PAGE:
Protests outside Greek parliament turn violent ahead of bailout vote

Hundreds of rioters plunged a peaceful demonstration in front of the Greek parliament in Athens into chaos on Sunday as lawmakers were debating the details of new bailout measures.

The rioters hurled Molotov cocktails and other objects at police. Broadcast footage showed police responding with teargas, with the acrid smoke spreading across Syntagma Square near parliament.

Through the day, thousands of people gathered in front of parliament to protest retirement benefit cuts and tax increases.

Police estimated that 20,000 people participated in peaceful protests. However, many of them fled the scene when the clashes erupted.

Lawmakers have been debating the details of a new bailout programme set for vote later Sunday, before eurozone finance ministers meet to discuss negotiations with the economically battered nation on Monday.

The savings package includes cuts to retirement benefits and income tax increases that should save 5.4 billion euros (6.2 billion dollars), a condition demanded by international creditors in order for the country to receive its next aid package.

Athens and its international creditors have struggled for months to agree on structural reforms and cost-cutting measures that would allow the cash-strapped government to continue receiving bailout aid. Concerns are growing that Greece is once again nearing the brink of bankruptcy.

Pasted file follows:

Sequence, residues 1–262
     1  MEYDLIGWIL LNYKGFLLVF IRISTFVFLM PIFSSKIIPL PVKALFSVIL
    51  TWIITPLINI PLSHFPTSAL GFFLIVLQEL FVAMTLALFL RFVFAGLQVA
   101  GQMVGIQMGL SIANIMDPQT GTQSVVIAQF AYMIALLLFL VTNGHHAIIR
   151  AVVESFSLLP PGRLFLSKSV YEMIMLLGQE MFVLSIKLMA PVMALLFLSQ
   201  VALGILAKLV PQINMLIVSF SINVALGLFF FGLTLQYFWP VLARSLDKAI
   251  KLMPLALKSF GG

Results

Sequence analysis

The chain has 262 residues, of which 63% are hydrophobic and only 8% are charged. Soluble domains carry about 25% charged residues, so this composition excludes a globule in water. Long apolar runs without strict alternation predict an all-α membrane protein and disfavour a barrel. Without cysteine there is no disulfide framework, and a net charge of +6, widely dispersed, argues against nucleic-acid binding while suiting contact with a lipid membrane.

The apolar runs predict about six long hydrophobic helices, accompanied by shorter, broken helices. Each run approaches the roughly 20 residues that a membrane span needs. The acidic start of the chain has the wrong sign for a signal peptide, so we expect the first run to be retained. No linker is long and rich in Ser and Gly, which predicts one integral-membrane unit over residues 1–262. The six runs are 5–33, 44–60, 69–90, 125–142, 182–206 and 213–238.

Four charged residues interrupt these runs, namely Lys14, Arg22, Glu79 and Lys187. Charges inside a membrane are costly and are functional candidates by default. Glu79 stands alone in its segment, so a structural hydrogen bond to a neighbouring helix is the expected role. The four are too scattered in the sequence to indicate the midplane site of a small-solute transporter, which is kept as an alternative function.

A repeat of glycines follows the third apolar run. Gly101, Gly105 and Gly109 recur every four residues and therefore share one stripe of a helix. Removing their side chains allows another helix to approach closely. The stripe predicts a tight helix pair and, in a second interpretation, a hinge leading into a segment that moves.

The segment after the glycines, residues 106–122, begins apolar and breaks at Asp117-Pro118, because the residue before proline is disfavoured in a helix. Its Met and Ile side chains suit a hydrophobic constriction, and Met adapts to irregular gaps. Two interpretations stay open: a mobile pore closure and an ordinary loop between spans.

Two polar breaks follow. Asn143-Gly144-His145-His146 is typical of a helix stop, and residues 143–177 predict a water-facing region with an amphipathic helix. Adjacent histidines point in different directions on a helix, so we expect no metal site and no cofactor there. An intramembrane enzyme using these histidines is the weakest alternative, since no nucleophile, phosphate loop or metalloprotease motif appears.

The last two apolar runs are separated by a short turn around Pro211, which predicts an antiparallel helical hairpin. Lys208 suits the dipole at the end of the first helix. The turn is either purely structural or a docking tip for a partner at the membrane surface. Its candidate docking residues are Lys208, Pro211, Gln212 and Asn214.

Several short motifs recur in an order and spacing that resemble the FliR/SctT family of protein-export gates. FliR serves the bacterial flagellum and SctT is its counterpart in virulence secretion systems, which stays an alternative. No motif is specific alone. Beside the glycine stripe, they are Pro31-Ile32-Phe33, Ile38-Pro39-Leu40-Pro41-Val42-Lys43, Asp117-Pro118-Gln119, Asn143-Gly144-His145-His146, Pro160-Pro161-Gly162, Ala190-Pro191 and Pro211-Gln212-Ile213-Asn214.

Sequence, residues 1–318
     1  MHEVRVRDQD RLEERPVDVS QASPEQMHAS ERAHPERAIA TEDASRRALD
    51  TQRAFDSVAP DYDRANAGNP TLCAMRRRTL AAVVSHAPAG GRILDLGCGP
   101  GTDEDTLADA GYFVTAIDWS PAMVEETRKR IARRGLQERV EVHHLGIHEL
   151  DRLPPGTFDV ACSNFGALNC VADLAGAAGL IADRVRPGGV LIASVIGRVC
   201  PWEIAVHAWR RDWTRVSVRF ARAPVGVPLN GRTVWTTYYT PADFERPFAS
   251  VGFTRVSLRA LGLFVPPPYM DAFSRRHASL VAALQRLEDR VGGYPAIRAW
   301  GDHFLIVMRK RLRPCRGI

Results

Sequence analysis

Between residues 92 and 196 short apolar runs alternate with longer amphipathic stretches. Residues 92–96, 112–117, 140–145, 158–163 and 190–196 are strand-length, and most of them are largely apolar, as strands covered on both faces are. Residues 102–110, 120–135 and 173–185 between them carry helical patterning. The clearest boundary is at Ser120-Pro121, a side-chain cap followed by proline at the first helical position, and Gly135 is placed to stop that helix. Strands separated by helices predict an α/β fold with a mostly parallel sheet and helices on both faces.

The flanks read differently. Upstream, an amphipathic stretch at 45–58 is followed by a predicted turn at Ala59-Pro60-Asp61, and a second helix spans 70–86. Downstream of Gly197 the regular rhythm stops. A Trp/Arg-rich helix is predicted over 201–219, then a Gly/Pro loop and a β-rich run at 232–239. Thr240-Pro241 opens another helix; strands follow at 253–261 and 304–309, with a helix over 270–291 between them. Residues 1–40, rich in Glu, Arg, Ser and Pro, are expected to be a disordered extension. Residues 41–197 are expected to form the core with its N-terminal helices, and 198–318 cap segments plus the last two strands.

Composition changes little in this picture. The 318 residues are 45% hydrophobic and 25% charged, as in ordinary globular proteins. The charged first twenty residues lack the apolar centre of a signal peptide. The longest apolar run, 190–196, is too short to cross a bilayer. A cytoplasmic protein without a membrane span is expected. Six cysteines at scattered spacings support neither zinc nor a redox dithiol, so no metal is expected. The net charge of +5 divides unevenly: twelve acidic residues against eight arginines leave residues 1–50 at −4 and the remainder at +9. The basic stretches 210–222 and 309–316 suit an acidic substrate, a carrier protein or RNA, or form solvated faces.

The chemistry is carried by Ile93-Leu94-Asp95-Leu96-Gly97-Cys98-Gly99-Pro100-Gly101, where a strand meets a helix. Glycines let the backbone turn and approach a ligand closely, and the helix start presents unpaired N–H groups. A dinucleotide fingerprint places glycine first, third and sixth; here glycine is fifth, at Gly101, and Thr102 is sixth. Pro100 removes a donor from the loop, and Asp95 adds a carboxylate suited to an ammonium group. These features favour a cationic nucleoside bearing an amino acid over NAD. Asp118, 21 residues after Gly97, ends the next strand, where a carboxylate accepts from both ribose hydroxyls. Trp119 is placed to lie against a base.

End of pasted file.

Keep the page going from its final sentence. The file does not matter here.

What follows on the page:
European Commission President Jean-Claude Juncker said ahead of the finance ministers' meeting that he thinks Greece is on a good path.

"We're currently doing the first check of the programme, and the targets are as good as reached," he was quoted as saying in newspapers belonging to German publisher Funke Mediengruppe.

At Monday's meeting, finance ministers will "hold first discussions about how Greece's debt can become sustainable again," he said.

The vote was brought forward from Wednesday to strengthen the hand of Greek Finance Minister Euclid Tsakalotos in Monday's talks, according to government sources in Athens.

But the measures could be a tough sell in parliament, where the left-right coalition of Prime Minister Alexis Tsipras has a narrow majority of 153 lawmakers of an overall 300.

The austerity measures are a condition for the nation to receive a third aid package from international creditors, which has a volume of up to 86 billion euros.

The International Monetary Fund, one of the international creditors, has additionally urged eurozone governments to enter debt relief negotiations with Greece.

"For us the [law] is the gravestone of the retirement system as we know it," one protester said on Greek television.

Last update: Fri, 24/06/2016 - 08:49

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